Medium to long-term vulnerabilities and challenges include weakening fiscal discipline, side effects of prolonged monetary easing, and the demographic drag caused by population aging and low fertility rates.

Policy recommendations

With Japan’s high inflation persisting longer than anticipated, the BOJ needs to normalize its monetary policy framework in a timely manner so that monetary policy can be used to effectively anchor inflation expectations. The yield curve control (YCC) policy should be phased out to allow long-term interest rates to align more closely with the market, while maintaining the flexibility to intervene to smooth excessive volatility in the bond market. The BOJ should consider moving away from the negative interest rate policy to allow the short-term policy rate to play its traditional role in managing inflation and anchoring inflationary expectations once price stability target is achieved.

The BOJ’s comprehensive review of monetary policy should provide guidance for policymakers to conduct monetary policy so that it can play a more effective role in managing inflation in the post-pandemic era.

As the economy exhibits steady trend growth after the pandemic, stimulus measures are no longer needed. Demonstrating a commitment to fiscal discipline requires adherence to the government’s fiscal consolidation plan to achieve a primary surplus in the medium term. However, stronger steps are required such as specifying expenditure cuts and identifying sustainable revenue sources for emerging needs in areas like defense and childcare. The effectiveness of this process can be supported by the establishment of an independent fiscal institution (IFI).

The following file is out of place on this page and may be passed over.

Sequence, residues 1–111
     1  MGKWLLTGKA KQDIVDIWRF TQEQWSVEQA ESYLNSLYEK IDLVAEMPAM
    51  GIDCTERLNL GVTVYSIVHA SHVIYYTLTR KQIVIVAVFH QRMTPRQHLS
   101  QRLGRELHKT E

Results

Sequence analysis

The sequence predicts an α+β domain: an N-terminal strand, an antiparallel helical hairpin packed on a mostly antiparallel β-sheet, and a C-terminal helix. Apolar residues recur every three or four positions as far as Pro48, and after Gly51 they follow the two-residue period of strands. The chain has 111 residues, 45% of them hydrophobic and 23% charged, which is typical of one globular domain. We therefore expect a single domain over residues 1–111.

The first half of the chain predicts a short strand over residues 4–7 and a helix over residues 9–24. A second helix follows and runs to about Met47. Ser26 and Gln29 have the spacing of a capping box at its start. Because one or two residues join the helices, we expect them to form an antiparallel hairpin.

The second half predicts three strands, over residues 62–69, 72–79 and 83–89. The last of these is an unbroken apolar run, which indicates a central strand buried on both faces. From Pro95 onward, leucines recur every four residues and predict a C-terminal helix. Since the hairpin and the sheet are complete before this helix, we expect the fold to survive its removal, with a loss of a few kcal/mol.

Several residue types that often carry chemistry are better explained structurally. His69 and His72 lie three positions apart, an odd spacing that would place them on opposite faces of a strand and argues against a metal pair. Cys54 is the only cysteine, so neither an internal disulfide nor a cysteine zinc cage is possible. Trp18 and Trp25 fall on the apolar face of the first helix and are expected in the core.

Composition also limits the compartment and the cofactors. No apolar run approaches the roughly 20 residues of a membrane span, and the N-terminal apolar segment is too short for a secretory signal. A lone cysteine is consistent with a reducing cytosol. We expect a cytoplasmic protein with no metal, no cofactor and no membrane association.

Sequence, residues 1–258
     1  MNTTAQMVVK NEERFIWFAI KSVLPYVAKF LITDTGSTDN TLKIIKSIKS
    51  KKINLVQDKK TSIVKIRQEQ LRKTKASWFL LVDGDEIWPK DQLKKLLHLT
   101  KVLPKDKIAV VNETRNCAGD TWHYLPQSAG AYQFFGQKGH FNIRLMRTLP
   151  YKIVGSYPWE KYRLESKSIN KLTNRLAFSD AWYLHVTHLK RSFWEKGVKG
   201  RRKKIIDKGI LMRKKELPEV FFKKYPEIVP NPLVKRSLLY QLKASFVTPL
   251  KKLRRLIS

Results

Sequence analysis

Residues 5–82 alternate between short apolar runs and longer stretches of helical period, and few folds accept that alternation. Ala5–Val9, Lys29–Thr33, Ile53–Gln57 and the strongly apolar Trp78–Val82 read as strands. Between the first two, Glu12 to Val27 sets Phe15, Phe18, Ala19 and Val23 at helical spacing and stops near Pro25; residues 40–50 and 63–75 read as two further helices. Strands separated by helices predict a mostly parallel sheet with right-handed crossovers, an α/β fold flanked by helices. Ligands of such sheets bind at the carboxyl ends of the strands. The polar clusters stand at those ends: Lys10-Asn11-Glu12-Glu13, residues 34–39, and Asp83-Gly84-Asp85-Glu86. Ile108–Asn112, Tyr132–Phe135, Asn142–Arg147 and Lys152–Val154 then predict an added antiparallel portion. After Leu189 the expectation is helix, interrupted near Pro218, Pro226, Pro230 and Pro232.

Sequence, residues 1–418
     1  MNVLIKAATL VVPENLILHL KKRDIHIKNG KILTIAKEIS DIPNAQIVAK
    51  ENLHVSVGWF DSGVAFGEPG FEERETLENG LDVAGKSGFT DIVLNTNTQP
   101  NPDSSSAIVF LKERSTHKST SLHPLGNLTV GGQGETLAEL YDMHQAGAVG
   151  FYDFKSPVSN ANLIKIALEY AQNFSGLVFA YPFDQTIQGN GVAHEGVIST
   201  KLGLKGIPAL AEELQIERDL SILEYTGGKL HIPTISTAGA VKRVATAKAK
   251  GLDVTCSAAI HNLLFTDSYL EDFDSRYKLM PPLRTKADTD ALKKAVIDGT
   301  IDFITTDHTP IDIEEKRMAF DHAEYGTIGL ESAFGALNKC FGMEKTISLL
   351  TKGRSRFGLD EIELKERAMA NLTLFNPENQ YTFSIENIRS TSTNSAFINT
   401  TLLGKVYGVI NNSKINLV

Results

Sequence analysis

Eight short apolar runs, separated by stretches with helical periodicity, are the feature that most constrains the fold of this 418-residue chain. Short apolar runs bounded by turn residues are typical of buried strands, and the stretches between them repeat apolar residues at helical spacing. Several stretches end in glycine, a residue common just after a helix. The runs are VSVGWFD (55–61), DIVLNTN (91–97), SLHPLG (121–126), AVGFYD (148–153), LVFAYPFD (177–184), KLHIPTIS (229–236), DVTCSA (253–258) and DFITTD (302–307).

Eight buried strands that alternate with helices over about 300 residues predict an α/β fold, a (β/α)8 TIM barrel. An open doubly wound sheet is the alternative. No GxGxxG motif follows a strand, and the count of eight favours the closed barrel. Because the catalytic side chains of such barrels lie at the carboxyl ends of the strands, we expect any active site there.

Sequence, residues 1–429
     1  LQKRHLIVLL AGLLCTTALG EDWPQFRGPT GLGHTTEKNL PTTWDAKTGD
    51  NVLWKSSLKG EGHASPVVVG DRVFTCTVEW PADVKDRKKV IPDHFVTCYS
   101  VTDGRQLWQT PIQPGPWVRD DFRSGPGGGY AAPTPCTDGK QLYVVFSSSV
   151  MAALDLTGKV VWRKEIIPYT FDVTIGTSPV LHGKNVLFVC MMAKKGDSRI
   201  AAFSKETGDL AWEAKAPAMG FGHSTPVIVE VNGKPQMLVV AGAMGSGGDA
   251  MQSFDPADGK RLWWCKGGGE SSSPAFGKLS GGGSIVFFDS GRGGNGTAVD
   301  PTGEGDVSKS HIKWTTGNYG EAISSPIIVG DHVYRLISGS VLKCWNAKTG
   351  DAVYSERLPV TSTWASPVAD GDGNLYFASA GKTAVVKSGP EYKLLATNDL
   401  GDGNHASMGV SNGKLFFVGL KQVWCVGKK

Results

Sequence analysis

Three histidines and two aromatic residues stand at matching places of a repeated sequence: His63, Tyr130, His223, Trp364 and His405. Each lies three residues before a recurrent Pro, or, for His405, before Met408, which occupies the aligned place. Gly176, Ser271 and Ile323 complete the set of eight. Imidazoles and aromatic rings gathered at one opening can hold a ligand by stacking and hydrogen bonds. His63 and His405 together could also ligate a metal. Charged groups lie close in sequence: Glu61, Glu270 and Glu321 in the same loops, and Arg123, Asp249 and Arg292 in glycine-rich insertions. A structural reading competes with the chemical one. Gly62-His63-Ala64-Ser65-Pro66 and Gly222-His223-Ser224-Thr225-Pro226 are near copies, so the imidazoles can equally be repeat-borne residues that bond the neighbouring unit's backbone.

It is imperative for Japan to undertake comprehensive structural reforms to address underlying economic challenges and unlock its growth potential. To address these challenges, the government should prioritize reforms for improvement of labor market flexibility, encourage continued skill development and training for the workforce, promote greater digitalization, and embrace technological advancements to mitigate the intensifying labor shortages.

Structural reforms in the energy sector are also necessary for adopting more sustainable and reliable energy sources. The government’s efforts toward transitioning to renewable energy are commendable, notably with the approval of the Basic Policy for the Realization of Green Transformation (GX) that outlines a 10-year roadmap to move away from coal-fired to a clean energy society.

About AMRO

The ASEAN+3 Macroeconomic Research Office (AMRO) is an international organization established to contribute toward securing macroeconomic and financial resilience and stability of the ASEAN+3 region, comprising 10 members of the Association of Southeast Asian Nations (ASEAN) and China; Hong Kong, China; Japan; and Korea. AMRO’s mandate is to conduct macroeconomic surveillance, support regional financial arrangements, and provide technical assistance to the members. In addition, AMRO also serves as a regional knowledge hub and provides support to ASEAN+3 financial cooperation.

About AMRO’s Annual Consultation Report

The Annual Consultation Report was prepared in fulfillment of AMRO’s mandate. AMRO is committed to monitoring, analyzing, and reporting to its members on their macroeconomic status and financial soundness. AMRO also helps identify relevant risks and vulnerabilities, and assists members, if requested, in the timely formulation of policy recommendations to mitigate such risks.